Received: 14 August 2020; Published on-line: 21 December 2020
A case of radiation cataract found 29 years after radiation exposure
N. V. Pasyechnikova1, P. A. Fedirko2, T. F. Babenko2
1 Filatov Institute of Eye Diseases and Tissue Therapy of the National Academy of Medical Sciences of Ukraine; Odesa (Ukraine)
2 Health Physics and Epidemiology Institute, National Research Center for Radiation Medicine, National Academy of Medical Sciences of Ukraine; Kyiv (Ukraine)
TO CITE THIS ARTICLE: Pasyechnikova NV, Fedirko PA, Babenko TF. A case of radiation cataract found 29 years after radiation exposure. J.ophthalmol.(Ukraine).2020;6:61-3. http://doi.org/10.31288/oftalmolzh202066163
Background: Radiation cataracts are an acknowledged biological effect of radiation exposure. It has been demonstrated previously that, the mode value for the latent period for the identified post-Chornobyl cases of radiation cataract was 9 years. We present a case of radiation cataract with typical clinical features that manifested 29 years after radiation exposure.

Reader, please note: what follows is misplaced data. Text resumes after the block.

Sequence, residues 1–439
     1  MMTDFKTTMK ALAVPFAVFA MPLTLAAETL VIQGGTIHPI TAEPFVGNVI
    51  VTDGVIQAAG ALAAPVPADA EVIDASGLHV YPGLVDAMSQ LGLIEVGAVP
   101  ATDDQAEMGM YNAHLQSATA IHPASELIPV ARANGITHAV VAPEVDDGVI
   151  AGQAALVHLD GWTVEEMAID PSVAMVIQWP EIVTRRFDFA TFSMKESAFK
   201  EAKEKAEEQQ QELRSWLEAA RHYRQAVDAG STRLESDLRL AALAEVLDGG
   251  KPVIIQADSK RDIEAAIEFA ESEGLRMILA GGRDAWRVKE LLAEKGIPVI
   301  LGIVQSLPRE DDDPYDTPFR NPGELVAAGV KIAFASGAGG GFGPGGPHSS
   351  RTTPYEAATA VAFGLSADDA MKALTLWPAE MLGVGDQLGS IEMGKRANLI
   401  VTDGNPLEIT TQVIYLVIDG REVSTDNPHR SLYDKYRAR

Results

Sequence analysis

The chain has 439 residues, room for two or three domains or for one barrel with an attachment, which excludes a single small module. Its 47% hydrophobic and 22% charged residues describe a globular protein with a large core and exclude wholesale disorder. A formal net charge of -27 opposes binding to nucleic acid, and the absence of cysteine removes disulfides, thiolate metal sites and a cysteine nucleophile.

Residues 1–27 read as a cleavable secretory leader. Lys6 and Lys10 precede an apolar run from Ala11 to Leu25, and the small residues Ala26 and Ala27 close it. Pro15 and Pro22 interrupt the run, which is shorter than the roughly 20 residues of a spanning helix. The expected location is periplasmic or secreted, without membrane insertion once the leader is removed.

Material and Methods: A female patient, born in 1937, worked in the exclusion zone of the Chornobyl Nuclear Power Plant in early May of 1986; she is now under our regular supervision. Because over years, the patient had had the annual routine eye examination (including, but not limited to biomicroscopy, lens examination and red reflex photography using a fundus camera), the time of onset of specific lens opacity could be placed within a period of several months.
Results: On examination performed on December 15, 2014, the right lens showed mild peripheral cortical opacity without signs of radiation cataract, and with vacuoli seen in the anterior subcapsular lens region. On examination performed on August 8, 2015, the right eye showed a mild, specific, posterior, central subcapsular opacification.
Conclusion: We presented a case of radiation cataract, documented by fundus camera photography, with typical clinical features that manifested 29 years after radiation exposure. Detecting a radiation cataract so late after radiation exposure indicates that the changes in the eye exposed to radiation can be very durable.
Keywords: cataract, radiation cataract, ionizing radiation, Chornobyl acciddent, latent period